Playing Favorites


Killer Mike – Scared Strait (from “Monster”)
Killer Mike – Deuces Wild (from “I Pledge Allegence to The Grind”)
Killer Mike – Shot Down (from “Ghetto Extraordinaire”)
For a Grammy Award Winning rapper with music in video games Killer doesn’t get enough attention. Probably my favorite rapper at the moment both musically as well as in interviews. Somebody that would be a big problem with the right production team. A track from each of his three releases(I think?). Hopefully I.P.A.T.T.G. II comes out in july like its supposed to.


O.V. Wright – Everybody Knows (The River Song)(from VA – “Down & Out”)
O.V. Wright – He’s My Son(just the same) (from VA – “Down & Out”)
O.V. Wright – Lets Straighten it Out (from VA – Soul Sides vol. 2: The Covers)
Certainly THE southern soul dude with a lisp. Dying before he reached 42, Wright was a lot more prolific than it seems. Only a few of his 10 albums are in print or where ever put on cd. Aside from a few best ofs, the only thing thats really in print is a ridiculously expensive Japanese boxset. Maybe thats a sign that more will pop up? The first two cuts here are from the “Down and Out: The Sad Soul of The South” comp on Trikont. “Everybody Knows” is like a broke ass version of Sam Cooke’s “A Change Gone Come”. The whole Trikont comp is very much worth hearing as well (Johnny Copeland’s “Ghetto Child” is on there too). “Lets Straighten it Out” from one of the Soul Sides comps is the backbone of U.G.K’s “Quit Hatin’ The South”. One of the finer examples of ripping someone off.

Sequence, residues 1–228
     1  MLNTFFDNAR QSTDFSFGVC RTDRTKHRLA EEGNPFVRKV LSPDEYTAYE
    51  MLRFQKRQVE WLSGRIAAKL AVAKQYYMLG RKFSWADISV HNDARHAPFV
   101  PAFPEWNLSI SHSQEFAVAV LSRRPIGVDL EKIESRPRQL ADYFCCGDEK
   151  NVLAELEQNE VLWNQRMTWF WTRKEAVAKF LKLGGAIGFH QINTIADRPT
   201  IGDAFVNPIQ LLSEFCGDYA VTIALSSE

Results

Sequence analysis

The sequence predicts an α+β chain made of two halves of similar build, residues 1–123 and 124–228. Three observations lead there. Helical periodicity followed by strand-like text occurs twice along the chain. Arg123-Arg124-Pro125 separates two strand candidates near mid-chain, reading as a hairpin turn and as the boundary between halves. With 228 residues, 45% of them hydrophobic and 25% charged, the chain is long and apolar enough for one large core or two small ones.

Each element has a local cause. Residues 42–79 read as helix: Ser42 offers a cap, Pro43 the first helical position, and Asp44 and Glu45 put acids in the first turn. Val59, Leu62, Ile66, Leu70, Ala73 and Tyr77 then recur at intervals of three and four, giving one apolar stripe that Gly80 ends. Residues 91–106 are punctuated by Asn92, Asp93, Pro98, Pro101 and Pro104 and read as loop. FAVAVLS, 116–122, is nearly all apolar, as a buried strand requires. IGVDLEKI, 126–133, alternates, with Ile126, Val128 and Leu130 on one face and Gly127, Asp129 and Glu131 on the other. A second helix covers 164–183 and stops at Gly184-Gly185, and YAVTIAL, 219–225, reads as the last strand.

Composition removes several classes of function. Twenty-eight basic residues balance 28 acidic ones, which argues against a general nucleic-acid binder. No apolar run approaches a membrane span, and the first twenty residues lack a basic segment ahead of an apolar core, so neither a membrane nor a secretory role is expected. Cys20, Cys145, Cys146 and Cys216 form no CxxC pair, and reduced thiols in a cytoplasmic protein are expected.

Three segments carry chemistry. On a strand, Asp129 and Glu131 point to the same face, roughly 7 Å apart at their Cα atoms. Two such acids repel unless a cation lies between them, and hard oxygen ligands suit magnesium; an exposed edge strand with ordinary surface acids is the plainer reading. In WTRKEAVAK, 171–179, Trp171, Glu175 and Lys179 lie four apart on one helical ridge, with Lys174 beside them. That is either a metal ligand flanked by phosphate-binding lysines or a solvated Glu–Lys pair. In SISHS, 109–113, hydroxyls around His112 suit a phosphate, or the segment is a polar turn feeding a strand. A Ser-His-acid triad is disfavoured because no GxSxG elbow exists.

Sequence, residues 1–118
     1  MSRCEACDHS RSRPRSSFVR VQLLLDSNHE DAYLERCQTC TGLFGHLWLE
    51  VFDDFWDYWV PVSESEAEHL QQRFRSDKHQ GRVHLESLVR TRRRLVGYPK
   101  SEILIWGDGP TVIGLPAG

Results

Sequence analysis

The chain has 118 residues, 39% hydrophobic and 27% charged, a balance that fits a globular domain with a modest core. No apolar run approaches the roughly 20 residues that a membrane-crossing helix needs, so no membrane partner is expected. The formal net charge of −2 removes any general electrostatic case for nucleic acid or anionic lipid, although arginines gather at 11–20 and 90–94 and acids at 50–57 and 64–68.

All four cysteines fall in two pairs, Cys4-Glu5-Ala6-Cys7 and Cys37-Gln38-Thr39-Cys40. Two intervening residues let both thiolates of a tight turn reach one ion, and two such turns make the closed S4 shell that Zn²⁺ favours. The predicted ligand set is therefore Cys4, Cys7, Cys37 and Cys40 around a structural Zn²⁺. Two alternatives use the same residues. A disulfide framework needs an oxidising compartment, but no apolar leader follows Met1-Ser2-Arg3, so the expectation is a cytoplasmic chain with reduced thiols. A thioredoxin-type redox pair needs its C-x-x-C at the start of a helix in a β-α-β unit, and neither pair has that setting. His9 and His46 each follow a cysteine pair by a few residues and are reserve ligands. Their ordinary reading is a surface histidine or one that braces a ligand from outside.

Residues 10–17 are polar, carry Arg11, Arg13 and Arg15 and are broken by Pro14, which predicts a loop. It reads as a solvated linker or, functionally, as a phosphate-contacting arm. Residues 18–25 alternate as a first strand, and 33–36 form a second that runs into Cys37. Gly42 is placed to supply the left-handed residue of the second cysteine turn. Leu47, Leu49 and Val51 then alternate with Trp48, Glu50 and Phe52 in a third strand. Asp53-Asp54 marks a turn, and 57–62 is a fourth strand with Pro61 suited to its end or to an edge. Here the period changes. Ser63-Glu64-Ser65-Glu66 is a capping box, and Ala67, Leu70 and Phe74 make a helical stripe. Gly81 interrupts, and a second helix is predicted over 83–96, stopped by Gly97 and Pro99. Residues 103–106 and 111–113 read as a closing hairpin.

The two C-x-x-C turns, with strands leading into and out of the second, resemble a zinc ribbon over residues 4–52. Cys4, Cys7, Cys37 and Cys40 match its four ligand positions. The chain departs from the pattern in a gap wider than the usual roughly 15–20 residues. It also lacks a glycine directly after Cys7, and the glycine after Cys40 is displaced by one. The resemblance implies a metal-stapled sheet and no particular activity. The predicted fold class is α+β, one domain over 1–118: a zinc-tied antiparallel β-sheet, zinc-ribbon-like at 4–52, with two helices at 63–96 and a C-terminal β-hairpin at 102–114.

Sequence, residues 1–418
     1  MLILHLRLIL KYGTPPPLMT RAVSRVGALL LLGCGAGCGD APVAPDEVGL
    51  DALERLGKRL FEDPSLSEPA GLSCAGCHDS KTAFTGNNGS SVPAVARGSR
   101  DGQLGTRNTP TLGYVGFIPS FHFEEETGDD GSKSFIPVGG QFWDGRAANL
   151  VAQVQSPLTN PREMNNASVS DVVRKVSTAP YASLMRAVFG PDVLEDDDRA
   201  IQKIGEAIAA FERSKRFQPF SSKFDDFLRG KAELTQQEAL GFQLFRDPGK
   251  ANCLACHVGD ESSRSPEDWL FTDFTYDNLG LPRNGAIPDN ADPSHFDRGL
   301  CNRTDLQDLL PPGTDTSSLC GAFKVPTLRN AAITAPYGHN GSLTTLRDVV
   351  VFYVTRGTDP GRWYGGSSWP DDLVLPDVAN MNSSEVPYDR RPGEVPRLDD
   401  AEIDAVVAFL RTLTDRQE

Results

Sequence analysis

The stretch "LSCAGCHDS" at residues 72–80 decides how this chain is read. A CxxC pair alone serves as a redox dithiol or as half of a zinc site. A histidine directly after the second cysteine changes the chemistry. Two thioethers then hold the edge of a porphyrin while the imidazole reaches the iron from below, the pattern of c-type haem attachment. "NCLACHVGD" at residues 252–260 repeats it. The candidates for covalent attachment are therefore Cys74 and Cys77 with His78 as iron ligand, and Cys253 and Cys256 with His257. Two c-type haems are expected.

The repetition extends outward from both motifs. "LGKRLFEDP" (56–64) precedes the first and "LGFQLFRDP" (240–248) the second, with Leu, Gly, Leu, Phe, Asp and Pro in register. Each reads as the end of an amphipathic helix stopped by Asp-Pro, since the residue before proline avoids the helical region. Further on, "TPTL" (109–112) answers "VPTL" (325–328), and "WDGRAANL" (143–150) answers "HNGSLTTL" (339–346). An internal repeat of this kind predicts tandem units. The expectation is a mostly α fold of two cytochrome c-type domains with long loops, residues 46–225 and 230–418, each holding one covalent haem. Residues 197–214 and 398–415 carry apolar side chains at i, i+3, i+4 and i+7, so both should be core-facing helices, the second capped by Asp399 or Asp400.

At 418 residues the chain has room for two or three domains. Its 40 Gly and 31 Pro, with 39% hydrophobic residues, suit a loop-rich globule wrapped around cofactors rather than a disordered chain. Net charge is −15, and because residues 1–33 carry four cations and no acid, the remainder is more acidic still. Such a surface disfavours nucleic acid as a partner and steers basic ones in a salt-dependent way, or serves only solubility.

Bright Light Quartet – Straighten ‘Em (from “Southern Journey Vol. 6”)
Bright Light Quartet – The Prayer Wheel (from “Southern Journey Vol. 6”)
Bright Light Quartet – I’m Tired (from “Southern Journey Vol. 8”)
There isn’t any info on this group so obviously there’s no picture. I don’t really enjoy looking at Alan Lomax but he will do. I don’t really know what to say about this stuff. I have about 10 tracks from this group, most of which are on the Lomax “Southern Journey” collection. An odd contrast when put next to Fred McDowell and prison field recordings and such. This stuff almost sounds more “modern” for the time it was recorded(1959).

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This entry was posted in Atlanta, Ghetto Soul, Memphis, Mississippi, Rap. Bookmark the permalink.

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